Papal Jurisdiction Act 1560

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The Papal Jurisdiction Act 1560 (c.2) is an Act of the parliament of Scotland, which is still in force.[1] It declares that the Pope has no jurisdiction in Scotland and prohibits any person from seeking any title or right to be exercised in Scotland granted under the authority of the Pope, on pain of proscription, banishment and disqualification from holding any public office or honour.


The thre estaitis then being present vnderstanding that the Jurisdictioune and autoritie of the bischope of Rome callit the paip vsit within this realme in tymes bipast hes bene verray hurtful and preiudiciall to our soueranis autoritie and commone weill of this realme Thairfoir hes statute and ordanit that the bischope of Rome haif na Jurisdictioun nor autoritie within this realme in tymes cuming And that nane of our saidis soueranis subiectis of this realme sute or desire in ony tyme heireftir title or rycht be the said bischope of Rome or his sait to ony thing within this realme vnder the panis of barratrye That is to say proscriptioune banischement and neuir to bruke honour office nor dignitie within this realme... And that na bischop nor vther prelat of this realme vse ony Jurisdictioun in tymes to cum be the said bischop of Romeis autoritie vnder the pane foirsaid [2]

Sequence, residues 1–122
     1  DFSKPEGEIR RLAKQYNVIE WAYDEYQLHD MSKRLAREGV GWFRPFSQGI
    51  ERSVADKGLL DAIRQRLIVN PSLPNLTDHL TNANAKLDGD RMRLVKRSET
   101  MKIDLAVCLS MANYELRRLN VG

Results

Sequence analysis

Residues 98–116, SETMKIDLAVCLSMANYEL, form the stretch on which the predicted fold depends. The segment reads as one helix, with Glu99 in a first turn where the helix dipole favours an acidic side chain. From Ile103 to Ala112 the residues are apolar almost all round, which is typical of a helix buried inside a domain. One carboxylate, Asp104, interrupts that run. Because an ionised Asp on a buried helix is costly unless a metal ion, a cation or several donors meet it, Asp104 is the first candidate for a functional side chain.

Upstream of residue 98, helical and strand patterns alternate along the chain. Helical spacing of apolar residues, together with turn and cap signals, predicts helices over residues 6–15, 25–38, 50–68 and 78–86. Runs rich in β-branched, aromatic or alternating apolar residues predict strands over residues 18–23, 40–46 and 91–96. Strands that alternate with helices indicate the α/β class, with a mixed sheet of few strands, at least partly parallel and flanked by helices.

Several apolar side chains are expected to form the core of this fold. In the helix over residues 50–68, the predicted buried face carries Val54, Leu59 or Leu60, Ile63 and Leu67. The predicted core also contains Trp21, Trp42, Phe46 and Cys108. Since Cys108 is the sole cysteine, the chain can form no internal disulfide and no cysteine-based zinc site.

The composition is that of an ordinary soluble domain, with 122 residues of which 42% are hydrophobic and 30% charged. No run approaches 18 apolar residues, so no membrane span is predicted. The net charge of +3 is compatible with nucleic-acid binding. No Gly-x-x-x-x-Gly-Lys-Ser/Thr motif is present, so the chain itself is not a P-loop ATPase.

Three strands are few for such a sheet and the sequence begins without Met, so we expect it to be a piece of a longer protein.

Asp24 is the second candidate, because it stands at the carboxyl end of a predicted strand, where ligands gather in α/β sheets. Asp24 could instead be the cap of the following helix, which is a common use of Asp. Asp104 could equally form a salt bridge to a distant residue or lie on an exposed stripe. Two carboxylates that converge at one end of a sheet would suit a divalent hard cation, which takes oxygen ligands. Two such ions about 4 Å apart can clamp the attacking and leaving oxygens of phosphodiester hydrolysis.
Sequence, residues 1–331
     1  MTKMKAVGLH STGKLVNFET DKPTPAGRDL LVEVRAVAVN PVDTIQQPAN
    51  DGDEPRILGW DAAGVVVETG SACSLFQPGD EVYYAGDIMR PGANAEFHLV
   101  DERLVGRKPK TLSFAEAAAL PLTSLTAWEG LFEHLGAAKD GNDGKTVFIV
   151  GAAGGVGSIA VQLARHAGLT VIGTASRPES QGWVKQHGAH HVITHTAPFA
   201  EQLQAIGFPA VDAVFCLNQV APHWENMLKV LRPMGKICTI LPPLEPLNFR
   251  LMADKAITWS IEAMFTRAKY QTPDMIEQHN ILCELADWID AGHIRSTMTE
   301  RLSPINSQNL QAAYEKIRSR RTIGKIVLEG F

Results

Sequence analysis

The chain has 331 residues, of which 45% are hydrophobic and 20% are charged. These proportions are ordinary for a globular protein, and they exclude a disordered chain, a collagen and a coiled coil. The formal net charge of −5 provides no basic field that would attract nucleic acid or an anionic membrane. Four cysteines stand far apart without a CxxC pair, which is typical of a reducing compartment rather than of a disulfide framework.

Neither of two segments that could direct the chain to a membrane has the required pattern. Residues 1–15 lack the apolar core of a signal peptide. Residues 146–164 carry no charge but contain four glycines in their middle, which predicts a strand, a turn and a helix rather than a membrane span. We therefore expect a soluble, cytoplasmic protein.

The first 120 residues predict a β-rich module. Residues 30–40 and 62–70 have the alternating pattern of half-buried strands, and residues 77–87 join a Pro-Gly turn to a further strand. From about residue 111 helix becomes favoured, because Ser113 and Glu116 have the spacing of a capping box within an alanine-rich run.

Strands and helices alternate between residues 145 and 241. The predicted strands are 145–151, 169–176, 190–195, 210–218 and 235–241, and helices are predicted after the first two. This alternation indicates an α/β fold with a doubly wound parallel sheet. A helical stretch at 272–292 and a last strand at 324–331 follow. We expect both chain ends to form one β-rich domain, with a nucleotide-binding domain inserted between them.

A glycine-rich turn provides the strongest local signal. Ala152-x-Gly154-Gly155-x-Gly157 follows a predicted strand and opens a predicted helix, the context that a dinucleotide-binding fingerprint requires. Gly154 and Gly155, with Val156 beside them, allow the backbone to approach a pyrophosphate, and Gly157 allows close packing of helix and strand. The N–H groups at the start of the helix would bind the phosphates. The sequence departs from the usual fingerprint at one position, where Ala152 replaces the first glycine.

The Scottish Catholic hierarchy was restored by Pope Leo XIII in 1878 without legal reaction and remains in place today.

See also[edit]


  1. ^ Letter from Law Registry "Thank you for your query of 20 March concerning the Papal Jurisdiction Act 1560, as passed by the Scottish Parliament. You asked firstly about the current status of this law. The Act has not been repealed in the intervening years and remains on the statute book in Scotland." Graeme Jardin, Senior Editor, Statutory Publications Office
  2. ^ Full text of Act

External links[edit]

Text of the Papal Jurisdiction Act 1560 as in force today (including any amendments) within the United Kingdom, from